As Food Imports Increase, FDA Can’t Keep Up with Inspections
Virtually all of the food imported into the United States reaches consumers without being inspected by the federal government, putting the nation at risk of exposure to food-borne illnesses.
An investigation by FairWarning and Investigative News Network (INN) found that Food and Drug Administration (FDA) inspectors allow nearly all food imports to enter the country without undergoing visual examination.
“The FDA has been outgunned and overmatched for years as a rising tide of imported food has found a place at the U.S. dinner table,” FairWarning’s Rick Schmitt wrote. “Because of budget constraints ordinarily only 1 percent to 2 percent of food imports are physically inspected by the agency at the border each year.”
The incredibly low inspection rate is particularly alarming considering that food imports have been steady growing in the U.S.
Consider these numbers collected by FairWarning and INN:
- Fifteen percent of the American diet now originates overseas
- About 50% of all winter fruits and vegetables bought in the United States are grown in other countries
- Nearly all seafood eaten by Americans is caught in non-U.S. waters.
The FDA, however, can’t keep up with the volume of food imports, not when there are
130,000 export facilities in 150 countries to check on. The agency often inspects foreign processing plants only after there has been shown to be a problem with the product.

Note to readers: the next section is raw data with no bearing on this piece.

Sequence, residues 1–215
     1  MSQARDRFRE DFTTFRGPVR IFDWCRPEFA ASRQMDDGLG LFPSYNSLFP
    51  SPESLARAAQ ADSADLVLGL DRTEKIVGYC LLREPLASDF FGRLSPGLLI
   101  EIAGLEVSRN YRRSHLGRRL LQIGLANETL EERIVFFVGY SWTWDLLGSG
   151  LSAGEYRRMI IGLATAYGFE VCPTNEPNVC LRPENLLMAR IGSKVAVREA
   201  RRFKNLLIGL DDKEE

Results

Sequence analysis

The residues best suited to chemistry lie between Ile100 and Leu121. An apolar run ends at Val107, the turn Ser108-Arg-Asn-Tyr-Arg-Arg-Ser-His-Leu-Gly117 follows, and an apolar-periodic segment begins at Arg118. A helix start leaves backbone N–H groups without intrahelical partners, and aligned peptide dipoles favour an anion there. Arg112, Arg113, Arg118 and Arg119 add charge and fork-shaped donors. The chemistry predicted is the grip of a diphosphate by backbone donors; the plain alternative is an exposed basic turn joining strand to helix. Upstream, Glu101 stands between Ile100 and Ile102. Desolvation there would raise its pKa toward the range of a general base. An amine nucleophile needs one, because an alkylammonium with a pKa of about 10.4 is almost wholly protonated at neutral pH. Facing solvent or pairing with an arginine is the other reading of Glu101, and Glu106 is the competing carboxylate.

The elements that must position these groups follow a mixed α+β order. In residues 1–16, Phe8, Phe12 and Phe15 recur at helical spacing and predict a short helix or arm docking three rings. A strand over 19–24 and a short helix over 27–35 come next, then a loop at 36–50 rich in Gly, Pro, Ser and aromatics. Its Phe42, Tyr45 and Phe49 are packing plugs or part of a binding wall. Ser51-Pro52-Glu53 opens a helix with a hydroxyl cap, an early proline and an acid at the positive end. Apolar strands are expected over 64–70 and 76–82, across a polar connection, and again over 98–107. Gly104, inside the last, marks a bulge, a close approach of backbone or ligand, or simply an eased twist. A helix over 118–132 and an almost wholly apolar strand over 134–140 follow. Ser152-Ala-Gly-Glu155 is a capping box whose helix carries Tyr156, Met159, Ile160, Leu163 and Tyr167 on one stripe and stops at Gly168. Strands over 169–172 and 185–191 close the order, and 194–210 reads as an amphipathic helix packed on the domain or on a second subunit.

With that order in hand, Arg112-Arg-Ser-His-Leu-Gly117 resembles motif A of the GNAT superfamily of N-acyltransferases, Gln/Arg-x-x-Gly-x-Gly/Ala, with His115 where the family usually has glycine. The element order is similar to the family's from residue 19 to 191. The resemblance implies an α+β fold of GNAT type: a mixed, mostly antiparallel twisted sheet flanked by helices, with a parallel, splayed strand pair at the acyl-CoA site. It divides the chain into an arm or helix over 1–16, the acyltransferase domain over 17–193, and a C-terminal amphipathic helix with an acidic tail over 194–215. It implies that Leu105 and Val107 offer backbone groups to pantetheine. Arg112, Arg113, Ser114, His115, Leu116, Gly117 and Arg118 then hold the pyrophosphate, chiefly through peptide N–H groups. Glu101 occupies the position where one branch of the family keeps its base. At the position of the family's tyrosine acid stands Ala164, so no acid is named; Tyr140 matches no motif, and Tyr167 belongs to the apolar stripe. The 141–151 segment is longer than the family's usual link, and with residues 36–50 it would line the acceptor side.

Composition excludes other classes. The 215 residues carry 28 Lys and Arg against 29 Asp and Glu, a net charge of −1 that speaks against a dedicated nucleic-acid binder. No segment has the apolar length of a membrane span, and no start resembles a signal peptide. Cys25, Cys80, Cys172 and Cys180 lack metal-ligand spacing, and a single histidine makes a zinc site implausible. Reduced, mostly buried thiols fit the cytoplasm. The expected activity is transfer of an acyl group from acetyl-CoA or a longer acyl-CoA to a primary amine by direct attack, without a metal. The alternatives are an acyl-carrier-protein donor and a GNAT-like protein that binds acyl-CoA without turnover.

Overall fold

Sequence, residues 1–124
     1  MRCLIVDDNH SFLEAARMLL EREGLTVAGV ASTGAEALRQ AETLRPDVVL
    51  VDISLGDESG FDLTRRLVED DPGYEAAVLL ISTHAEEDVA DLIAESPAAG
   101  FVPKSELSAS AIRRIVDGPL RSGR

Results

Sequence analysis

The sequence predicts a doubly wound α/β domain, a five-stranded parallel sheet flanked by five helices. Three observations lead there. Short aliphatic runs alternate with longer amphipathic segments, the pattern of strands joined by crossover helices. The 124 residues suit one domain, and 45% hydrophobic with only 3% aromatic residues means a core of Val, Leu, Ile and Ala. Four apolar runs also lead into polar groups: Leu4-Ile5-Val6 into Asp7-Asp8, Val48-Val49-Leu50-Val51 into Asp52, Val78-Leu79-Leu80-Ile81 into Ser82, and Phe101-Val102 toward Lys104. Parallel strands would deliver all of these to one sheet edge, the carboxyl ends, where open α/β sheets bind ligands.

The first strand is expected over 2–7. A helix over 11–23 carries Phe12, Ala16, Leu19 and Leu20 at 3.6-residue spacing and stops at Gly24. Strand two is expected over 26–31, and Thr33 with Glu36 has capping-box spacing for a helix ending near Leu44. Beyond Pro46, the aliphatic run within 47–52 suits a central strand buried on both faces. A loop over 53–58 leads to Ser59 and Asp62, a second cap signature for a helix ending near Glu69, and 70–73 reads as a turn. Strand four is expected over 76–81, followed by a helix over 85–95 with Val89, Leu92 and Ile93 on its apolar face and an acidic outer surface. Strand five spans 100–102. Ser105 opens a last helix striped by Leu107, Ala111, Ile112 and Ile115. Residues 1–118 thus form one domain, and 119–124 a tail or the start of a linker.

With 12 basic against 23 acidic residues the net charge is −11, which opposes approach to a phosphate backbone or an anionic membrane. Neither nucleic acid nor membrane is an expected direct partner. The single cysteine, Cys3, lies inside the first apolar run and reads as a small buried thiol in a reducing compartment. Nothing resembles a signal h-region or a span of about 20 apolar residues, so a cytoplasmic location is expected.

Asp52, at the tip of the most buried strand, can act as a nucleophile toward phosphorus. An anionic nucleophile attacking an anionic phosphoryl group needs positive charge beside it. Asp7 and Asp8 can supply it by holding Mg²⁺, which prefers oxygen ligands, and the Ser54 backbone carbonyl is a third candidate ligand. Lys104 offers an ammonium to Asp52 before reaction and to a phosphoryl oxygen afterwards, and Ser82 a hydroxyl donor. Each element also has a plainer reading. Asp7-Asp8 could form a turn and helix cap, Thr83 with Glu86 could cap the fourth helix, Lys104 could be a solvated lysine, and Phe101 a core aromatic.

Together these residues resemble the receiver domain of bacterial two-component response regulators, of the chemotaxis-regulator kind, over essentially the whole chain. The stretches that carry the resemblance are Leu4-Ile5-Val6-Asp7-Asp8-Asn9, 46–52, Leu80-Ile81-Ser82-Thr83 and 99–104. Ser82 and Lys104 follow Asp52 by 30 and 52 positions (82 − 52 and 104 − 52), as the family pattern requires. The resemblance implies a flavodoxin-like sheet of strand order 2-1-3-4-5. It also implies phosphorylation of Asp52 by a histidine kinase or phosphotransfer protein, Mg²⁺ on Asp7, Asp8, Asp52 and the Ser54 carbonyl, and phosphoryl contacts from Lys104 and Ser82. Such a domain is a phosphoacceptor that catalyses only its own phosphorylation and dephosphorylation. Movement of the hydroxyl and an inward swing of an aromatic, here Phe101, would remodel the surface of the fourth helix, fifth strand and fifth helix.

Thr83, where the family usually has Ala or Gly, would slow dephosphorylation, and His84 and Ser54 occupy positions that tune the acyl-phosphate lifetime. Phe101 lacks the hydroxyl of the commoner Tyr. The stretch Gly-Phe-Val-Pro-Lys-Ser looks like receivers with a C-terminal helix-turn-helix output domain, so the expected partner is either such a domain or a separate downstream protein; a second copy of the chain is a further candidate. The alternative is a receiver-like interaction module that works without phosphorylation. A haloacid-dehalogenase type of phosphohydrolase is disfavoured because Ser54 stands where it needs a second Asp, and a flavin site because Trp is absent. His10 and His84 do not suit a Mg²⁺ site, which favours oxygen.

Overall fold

In India, Moon Fishery India Pvt. Ltd was found to be running a truly horrible operation, replete with “water tanks rife with microbiological contamination, rusty carving knives, peeling paint above the work area, unsanitary bathrooms and an ice machine covered with insects and ‘apparent bird feces,’” FairWarning and INN reported. The company’s exports to the U.S. were halted.
But by then tainted food had already reached the U.S., causing a salmonella outbreak that sickened 425 people, hospitalizing 55, in 28 states and the District of Columbia.
The 2011 Food Safety Modernization Act was supposed to address some of these problems, but its provisions have yet to be implemented, partly because of lack of funding.
To Learn More:
As More Imported Foods Reach the Dinner Table, Holes Remain in FDA Safety Net (by Rick Schmitt, FairWarning)
FDA Struggles to Crack Down on Safety of Food Imports (by Matt Bewig, AllGov)
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